In 2018, several winners were chosen to be awarded for their Symposium projects for Spring 2018. Below are the abstracts of this year’s winners who were recognized at the Senior Award Banquet on May 3rd.
Spring 2018 Winners:
Noah Blower, Pharmacy, Growth of Sulfamethazine/Carboxylic Acid Cocrystals in Ethanol
Cocrystallization of compounds is a chemical phenomenon that received a lot of attention from researchers of pharmaceuticals. A cocrystal of an active ingredient in a pharmaceutical product can have different physical properties than the active ingredient alone, including a different solubility, bioavailability, or stability, while maintaining its desired activity. Sulfamethazine, the sulfa drug we were testing in our experiment, has a relatively low solubility in ethanol. In an attempt to overcome this solubility barrier and form sulfamethazine/carboxylic acid cocrystals in an ethanol solution, we tested several carboxylic acids in 2:1, 4:1, and 6:1 carboxylic acid: sulfamethazine ratios.
Thomas Colvin, Pre-Optometry, Assistance of Williamson-Ether Synthesis Experiments
The purpose behind this research is to determine the effectiveness of allyl bromide against 1-bromoproane during a Williamson-ether synthesis reaction alongside an in-depth consideration of the rate of reaction for o-chlorophenol compared to o-nitrophenol. Based upon the known mechanism for Williamson-ether synthesis reactions, it is expected that allyl phenyl ether will form more readily than phenyl propyl ether. Also, based upon what is known about the impact of electron donating compared to electron withdrawing groups, it is expected that o-chlorophenol will react faster than o-nitrophenol. The importance of Nuclear Magnetic Resonance will be thoroughly stressed throughout this experiment. Nuclear Resonance and Infrared Spectroscopy will be the two most utilized tactics of data collection. The research presented will be collected by students assisted by Thomas Colvin throughout the course of the Spring 2017 semester at Ferris State University under the supervision of Dr. Daniel Adsmond.
Emily Hackbarth, Chloe Masterson, and Megan McGrath, Pre-Optometry and Pharmacy, Cocrystallization of Carboxylic Acids with Sulfamethoxypridazine
Drug action is an integral part of pharmacological studies. Much of a certain drug’s mode of action is dependent on it’s geometry and binding patterns. This study allowed us to understand the crystallization patterns of sulfamethoxypyridazine, a sulfonamide antibacterial, with different carboxylic acids.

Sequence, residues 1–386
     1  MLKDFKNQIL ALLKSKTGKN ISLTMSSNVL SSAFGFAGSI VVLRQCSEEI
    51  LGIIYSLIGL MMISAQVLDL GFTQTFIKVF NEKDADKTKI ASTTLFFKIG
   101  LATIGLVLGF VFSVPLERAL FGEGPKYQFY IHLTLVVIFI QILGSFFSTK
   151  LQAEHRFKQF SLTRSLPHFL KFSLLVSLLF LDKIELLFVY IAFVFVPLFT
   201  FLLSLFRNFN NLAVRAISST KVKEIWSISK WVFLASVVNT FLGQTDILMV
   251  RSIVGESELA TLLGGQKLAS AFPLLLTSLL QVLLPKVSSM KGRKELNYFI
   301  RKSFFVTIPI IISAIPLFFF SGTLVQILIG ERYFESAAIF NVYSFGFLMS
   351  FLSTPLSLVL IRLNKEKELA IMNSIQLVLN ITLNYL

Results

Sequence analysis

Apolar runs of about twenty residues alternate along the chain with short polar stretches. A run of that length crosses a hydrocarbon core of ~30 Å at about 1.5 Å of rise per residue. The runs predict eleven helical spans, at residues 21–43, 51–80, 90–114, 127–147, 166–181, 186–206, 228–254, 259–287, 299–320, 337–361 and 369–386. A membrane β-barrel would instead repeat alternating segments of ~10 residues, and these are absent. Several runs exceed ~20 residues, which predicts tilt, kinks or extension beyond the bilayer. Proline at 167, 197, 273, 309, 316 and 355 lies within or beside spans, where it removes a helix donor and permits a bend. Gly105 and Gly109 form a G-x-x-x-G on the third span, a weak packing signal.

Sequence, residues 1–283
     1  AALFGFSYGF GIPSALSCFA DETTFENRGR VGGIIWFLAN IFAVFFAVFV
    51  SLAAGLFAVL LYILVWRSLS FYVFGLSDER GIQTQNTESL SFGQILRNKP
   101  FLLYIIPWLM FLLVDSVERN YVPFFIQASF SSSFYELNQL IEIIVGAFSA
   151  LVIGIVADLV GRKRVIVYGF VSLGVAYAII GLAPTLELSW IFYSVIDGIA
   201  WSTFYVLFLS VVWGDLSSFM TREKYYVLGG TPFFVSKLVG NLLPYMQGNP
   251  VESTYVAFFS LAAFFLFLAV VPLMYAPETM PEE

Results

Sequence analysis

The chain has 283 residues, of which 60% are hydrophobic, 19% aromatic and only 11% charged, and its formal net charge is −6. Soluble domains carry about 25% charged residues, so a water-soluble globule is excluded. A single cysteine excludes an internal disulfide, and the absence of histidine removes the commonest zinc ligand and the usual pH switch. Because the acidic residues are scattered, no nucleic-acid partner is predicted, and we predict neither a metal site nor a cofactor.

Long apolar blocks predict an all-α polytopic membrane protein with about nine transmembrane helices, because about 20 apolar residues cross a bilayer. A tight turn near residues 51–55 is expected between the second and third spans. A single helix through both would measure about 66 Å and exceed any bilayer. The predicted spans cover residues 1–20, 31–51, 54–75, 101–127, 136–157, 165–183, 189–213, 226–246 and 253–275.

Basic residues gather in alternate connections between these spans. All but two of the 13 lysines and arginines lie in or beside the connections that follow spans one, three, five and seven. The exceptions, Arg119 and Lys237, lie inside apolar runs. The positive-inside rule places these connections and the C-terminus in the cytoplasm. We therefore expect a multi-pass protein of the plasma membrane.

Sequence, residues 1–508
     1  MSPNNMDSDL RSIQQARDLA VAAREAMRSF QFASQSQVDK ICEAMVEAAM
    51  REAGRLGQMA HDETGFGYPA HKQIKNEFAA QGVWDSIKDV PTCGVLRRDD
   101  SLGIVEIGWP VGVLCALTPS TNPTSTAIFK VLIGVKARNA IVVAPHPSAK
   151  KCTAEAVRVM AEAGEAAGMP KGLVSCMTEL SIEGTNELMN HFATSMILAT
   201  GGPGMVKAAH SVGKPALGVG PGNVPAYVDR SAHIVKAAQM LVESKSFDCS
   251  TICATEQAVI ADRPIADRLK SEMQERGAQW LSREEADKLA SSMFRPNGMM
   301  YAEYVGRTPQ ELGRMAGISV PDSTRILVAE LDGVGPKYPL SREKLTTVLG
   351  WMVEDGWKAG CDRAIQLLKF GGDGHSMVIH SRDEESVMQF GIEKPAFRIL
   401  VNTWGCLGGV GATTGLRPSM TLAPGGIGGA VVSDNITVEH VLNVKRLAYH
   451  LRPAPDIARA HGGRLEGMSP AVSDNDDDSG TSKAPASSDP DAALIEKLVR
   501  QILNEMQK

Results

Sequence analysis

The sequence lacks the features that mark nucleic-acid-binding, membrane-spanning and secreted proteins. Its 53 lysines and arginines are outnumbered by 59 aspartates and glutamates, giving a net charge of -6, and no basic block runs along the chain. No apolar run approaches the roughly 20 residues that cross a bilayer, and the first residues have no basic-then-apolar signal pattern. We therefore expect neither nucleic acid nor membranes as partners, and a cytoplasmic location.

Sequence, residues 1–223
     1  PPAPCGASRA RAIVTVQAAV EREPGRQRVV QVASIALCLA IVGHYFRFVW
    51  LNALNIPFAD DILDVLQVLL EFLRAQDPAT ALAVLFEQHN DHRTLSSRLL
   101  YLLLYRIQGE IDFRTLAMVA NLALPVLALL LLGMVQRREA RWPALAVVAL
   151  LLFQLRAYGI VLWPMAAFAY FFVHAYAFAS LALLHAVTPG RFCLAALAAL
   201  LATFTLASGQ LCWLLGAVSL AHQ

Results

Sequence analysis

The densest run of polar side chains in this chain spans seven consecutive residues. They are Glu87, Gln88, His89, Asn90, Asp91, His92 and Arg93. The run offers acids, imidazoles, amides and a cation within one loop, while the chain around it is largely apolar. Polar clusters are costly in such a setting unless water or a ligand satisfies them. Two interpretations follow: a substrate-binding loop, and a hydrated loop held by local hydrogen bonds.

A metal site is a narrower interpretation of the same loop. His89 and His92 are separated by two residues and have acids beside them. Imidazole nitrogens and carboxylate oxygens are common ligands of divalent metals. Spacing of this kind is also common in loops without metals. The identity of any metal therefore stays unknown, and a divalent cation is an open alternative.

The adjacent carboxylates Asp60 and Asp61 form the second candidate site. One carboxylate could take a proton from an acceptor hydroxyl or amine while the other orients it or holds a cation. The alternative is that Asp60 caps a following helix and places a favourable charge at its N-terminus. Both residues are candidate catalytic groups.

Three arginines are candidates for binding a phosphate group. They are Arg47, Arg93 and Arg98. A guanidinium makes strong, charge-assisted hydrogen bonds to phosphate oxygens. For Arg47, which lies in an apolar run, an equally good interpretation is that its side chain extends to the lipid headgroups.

Paige Kramer, Pre-Medicine, An Arabidopsis Mutant with Spontaneous Cell Death
Arabidopsis thaliana is a model organism that can be used to identify genes involved in the hypersensitive response in plants. A screen of ~4000 mutated plant lines produced ~30 independent mutants with various defects in short development. One of the mutants exhibited discolored lesions on young plants. Future work will focus on identifying the mutated gene, and how this gene regulated cell death in the hypersensitive response.
Kortney Richardson, Psychology, Does higher Education Really Override Family Influence on Political Attitudes?
Conservatives often claim that colleges are brainwashing students, luring them away from traditional conservative values towards progressive liberal values. Research suggests that while community members, friends, and colleagues have a significant effect on individual’s political preferences, family members heavily influence individuals in terms of their political part affiliation (Boonen, 2017). Some research suggests that both parents have an equal influence on political party affiliation of children (Boonen, 2017), while other research has shown a greater impact from one parent or the other (Zuckerman et al., 2007; Nieuwbeerta and Wittebrood, 1995; Boonen, 2017).
Using a modified version of the AASCU, American Democracy Project, Political Engagement Project Post Survey, this study sought to determine how much influence parents actually have on a students’ political leanings, party affiliation, and political engagement, and whether this changes across the academic career (freshmen v. seniors). Results suggest that student republicans were very likely to have republican parents. In other words, republican students’ party affiliation appeared to align with parental influence, but this was not true of democratic students. Interestingly, students’ likelihood of belonging to the same party as their parents decreased across their academic careers for both parties. In other words, rather than luring all students toward liberal democratic values, education (or age) appears to move students away from parental views, regardless of which party the parents belong to.